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'I've discovered a lot in the last few weeks,' Smith began. 'I've found out that being the Doctor... it's not about having special knowledge or abilities. It's about not being cruel. It's about not being afraid.' He walked into the middle of the clearing, searching for the right words. 'There are monsters out there, yes. Terrible things. But you don't have to become one in order to defeat them. You can be peaceful in the face of their cruelty. You can win by being cleverer than they are.'
This is still the only Who novel to have been adapted for television rather than the other way round. I first read it, gulp, seven years ago - the first Seventh Doctor novel I ever read - and would have been rereading it anyway as I shall be rewatching the TV episode soon.

Now that I have read the previous 37 New Adventures, I still think this is one of the best in the series. It is better than most Who novels as a standalone (though Niall Harrison found the continuity heavy going), the major reference to previous novels being to Benny's loss of her lover in the Albigensian crusade. The Doctor is absent from most of the book and needs to be explained to his own alter ego, John Smith, whose final sacrifice is very effective.

An easy Bechdel pass with Benny bantering with a group of women at a bar in the prologue.


( 2 comments — Leave a comment )
Jan. 27th, 2013 04:20 pm (UTC)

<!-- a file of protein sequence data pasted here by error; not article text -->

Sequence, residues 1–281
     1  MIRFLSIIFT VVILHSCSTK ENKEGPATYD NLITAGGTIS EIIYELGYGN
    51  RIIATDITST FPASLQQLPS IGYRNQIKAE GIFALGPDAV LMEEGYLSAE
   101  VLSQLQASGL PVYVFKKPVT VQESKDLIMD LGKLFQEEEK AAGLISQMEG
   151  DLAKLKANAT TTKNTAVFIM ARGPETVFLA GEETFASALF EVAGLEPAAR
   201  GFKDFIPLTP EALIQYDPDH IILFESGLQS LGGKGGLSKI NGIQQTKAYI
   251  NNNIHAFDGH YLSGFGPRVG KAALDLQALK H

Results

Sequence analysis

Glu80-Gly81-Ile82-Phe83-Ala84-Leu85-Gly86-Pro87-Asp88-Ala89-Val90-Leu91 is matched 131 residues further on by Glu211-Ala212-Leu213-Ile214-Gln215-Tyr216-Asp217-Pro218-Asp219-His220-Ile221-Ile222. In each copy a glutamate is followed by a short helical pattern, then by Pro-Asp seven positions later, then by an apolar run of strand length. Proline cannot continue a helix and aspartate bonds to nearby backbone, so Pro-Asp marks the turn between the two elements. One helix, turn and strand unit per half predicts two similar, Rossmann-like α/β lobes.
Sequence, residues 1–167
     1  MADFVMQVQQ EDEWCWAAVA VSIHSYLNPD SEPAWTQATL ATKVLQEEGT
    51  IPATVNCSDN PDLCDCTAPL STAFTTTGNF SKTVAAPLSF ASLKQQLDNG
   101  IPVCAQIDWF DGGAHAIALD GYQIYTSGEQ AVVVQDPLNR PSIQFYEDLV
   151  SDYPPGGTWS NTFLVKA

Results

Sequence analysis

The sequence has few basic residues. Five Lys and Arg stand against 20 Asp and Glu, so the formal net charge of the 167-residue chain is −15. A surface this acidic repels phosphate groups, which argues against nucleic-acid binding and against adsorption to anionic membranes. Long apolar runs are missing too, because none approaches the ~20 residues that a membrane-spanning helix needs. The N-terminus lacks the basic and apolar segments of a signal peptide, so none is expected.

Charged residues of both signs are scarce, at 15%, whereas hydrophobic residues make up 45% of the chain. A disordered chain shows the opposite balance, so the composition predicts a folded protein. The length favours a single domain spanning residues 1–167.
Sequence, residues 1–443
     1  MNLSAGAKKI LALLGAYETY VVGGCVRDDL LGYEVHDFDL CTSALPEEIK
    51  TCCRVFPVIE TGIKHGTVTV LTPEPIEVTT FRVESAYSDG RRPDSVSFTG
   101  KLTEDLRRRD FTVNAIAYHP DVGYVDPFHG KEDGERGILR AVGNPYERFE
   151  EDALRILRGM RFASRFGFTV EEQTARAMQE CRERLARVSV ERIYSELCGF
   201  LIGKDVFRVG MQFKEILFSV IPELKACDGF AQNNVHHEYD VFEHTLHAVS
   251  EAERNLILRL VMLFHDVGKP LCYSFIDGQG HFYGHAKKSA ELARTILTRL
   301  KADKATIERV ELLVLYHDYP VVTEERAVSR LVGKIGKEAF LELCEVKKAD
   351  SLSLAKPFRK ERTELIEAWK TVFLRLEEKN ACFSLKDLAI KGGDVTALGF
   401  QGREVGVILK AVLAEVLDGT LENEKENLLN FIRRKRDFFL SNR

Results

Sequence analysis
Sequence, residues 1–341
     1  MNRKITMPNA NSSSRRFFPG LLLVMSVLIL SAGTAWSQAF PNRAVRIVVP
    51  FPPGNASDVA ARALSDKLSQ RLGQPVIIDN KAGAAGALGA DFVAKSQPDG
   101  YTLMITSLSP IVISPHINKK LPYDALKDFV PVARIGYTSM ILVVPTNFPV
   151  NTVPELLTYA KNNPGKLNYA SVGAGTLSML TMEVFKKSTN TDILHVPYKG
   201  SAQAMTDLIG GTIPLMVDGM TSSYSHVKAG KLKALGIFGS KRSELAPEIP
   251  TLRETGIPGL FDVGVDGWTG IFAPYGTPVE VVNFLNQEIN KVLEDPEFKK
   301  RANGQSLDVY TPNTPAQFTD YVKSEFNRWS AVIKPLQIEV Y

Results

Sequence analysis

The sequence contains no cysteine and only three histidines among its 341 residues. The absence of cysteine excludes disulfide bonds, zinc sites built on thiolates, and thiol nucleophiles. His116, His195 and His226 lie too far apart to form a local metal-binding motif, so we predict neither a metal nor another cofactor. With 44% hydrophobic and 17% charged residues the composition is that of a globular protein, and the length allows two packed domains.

Without the reference to Benny's loss, how would the reader understand why the Doctor decides to become human?

I liked the book better than the show. I think had they skipped the one silly "He had to fall in love with a human" line.." I would have thought the television adaptation perfect, even with the Doctor so insenstive or clueless to his Companion, that he has Martha masquerade as his parent's servant, rather than his or their ward, but I did understand Cornell wanted Martha to shine as a companion, as one who could and did stand on her own in the face of a hostile envioronment, working with little or no information about the enemy she face, and no help from the Doctor whatsoever. He also stated that he wanted to add realism, and we could talk and debate all year about how merely stating that in those times people were prejudice unintentionally disregard the story of any character of color who lived in those times, but I will not. My favorite Seven novel is Lungbarrow, but I enjoyed Human Nature as well. I would have loved to have heard Ten tell Martha-- as Seven tells Bernice in the book- that they would face the Family together as always Smith and Jones, but I also, after a year of sulking, realized that Davies wanted to create an emotional rift between the Doctor and Martha that couldn't be healed. Enjoy the show.

Edited at 2013-01-27 04:21 pm (UTC)
Jan. 27th, 2013 08:12 pm (UTC)
The book meant a lot to me at the time I read it, amd I still think it was one of the best DW novels. The Tenth Doctor version made me terribly resentful, unfortunately; my anger at it probably makes no sense, but there you go.
( 2 comments — Leave a comment )

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